Miami Band Frogs Show Mercy Wants to Be Emo Legends | Miami New Times

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The Goofball Members of Frogs Show Mercy Take Music Very Seriously

It's impossible not to be charmed by Frogs Show Mercy's goofy antics, which are balanced out by the band's profound dedication to musical growth.
Frogs Show Mercy
Frogs Show Mercy Photo by Ian Ritter/@ianwokeup
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Frogs Show Mercy is one part silly and one part serious. As you get to know the quartet, it's impossible not to be charmed by the band members' goofy antics, balanced by their profound dedication to musical growth.

"We can't hide how goofball we like to be and how much we care about each other. It's unavoidable; it's part of the music," drummer Javi Nin says.

The band's sound is an impressive blend of alternative, emo, math rock, postpunk, and shoegaze, with lyrics that touch on serious themes such as relationships, life, abandonment, and loneliness. However, the way the lyrics are delivered by vocalist and guitarist Yucky Poor, usually accompanied by a clever guitar melody, delivers the song's message straight to the heart.

The music video for "Stallion," the band's latest single, looks like a home-video glimpse into a regular day of Frogs Show Mercy. After an intro of Poor sitting alone on a bed singing, the members are seen dancing and jamming together. The single is one of four tracks on the band's second EP When You're Not Home.

Last year, Frogs Show Mercy made the trek to Murphy, North Carolina, to hang out in a cabin and write music for six days.

"We thought it would be a good way for us to isolate ourselves and write something that's us and not like with some sort of incentive," Nin adds.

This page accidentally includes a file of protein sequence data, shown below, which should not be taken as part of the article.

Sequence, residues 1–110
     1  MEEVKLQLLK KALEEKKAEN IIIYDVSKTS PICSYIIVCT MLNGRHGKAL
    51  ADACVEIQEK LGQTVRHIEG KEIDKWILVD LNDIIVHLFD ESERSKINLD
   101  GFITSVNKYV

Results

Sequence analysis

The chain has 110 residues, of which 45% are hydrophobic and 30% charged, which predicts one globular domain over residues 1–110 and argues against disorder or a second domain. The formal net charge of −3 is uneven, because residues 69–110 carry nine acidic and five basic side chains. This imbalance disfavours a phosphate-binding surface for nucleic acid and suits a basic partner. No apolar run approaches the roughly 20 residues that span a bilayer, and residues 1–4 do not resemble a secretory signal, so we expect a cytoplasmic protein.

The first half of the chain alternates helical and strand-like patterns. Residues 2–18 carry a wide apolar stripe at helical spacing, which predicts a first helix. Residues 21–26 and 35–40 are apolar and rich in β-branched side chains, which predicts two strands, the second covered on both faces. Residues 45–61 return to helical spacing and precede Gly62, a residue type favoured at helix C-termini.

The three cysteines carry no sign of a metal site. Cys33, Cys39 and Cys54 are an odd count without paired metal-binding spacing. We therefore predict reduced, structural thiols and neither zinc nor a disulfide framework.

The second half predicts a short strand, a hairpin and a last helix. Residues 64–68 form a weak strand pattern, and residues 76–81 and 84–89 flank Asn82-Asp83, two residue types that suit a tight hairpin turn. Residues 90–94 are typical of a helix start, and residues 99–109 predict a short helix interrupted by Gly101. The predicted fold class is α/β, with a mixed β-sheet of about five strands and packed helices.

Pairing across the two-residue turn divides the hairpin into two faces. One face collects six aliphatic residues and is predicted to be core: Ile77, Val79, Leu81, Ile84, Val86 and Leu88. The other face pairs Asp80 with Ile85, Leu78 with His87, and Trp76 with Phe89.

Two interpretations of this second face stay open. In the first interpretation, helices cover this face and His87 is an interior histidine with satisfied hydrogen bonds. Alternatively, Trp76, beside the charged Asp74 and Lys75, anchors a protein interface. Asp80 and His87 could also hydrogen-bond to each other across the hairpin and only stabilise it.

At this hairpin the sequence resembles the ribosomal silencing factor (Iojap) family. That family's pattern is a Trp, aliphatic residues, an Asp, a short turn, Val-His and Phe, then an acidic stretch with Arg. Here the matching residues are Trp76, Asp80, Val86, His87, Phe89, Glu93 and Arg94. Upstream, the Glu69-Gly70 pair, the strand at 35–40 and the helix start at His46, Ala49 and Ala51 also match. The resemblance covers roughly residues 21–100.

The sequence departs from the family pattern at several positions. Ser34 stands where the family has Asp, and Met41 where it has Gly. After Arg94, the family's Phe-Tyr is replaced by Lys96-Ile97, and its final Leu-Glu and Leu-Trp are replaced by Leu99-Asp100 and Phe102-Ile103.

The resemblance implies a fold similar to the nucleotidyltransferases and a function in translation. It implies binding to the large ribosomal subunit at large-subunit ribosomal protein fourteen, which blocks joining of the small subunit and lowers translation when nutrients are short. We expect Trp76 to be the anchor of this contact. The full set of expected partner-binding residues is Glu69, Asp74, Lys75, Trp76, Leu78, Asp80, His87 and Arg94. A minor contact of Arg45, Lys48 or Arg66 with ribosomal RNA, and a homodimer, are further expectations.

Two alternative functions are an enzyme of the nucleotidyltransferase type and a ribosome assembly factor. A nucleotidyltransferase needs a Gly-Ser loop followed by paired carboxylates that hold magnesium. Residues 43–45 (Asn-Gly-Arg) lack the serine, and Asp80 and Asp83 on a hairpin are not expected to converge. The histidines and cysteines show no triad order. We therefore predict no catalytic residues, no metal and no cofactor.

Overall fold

Two songs on the EP, "Stallion" and the acoustic track "Snows of "Kilimanjaro," were written during the self-imposed insolation. The band felt the two tracks would work best as part of the EP since the songs didn't fit their upcoming album's overall theme and sound, which is still in the works.

"In a way, it kind of feels like this EP is like a B-side of what could have been on the album," bassist Karl Martinez says.

"Like a before side," Nin adds.
Inspired by a scene in the 2014 film Frank, one of the two movies the band watched while in Murphy, Poor gathered field recordings while the other members ventured into the Bavarian-style town of Helen, Georgia.

"I put a mic in the back of the cabin, which was on a mountain, and recorded ambient noise," Poor explains. "There's also a fireplace starting up and footsteps going up the stairs."

"Stallion" also features a cleverly placed sampled quote between characters Tony Soprano and Johnny Sack from The Sopranos.

Since coming together three years ago, Frogs Show Mercy has garnered a loyal group of Froglodytes (the band's name for its fans) that can often be seen singing along at shows.

Still, beyond its silly exterior, Frogs Show Mercy takes itself very seriously.

"We work really fucking hard," guitarist Laz Matus says.

"One thing about this band is the communication aspect is very good, and it facilitates the process very well," Martinez adds. "Even when we clash and butt heads and shit, we can still come to the center and make fire music."

Matus' goal is for the band to headline a sold-out show at Gramps, and Nin hopes they can play at festivals like Bonnaroo and huge venues like Madison Square Garden and Red Rocks Amphitheatre. Martinez would love for the band to perform alongside Midwest emo rockers American Football.

"My goal ultimately is to be able to create a new movement of emo music," Poor says. "I want our music to be timeless and listened to and admired by generations to come like a lot of my favorite bands. Bands that bring in nostalgia, and specifically bands for high schoolers coming-of-age — like when you're going through all of these fucking changes, and you're like, 'Who am I?' and you're trying to find yourself — I want to be one of those bands that helps you find yourself."

Native Sun. With Jaialai, Frogs Show Mercy, and Corey Perez. 7:30 p.m. Saturday, June 10, at Gramps, 176 NW 24th St., Miami; Tickets cost $12 to $15 via
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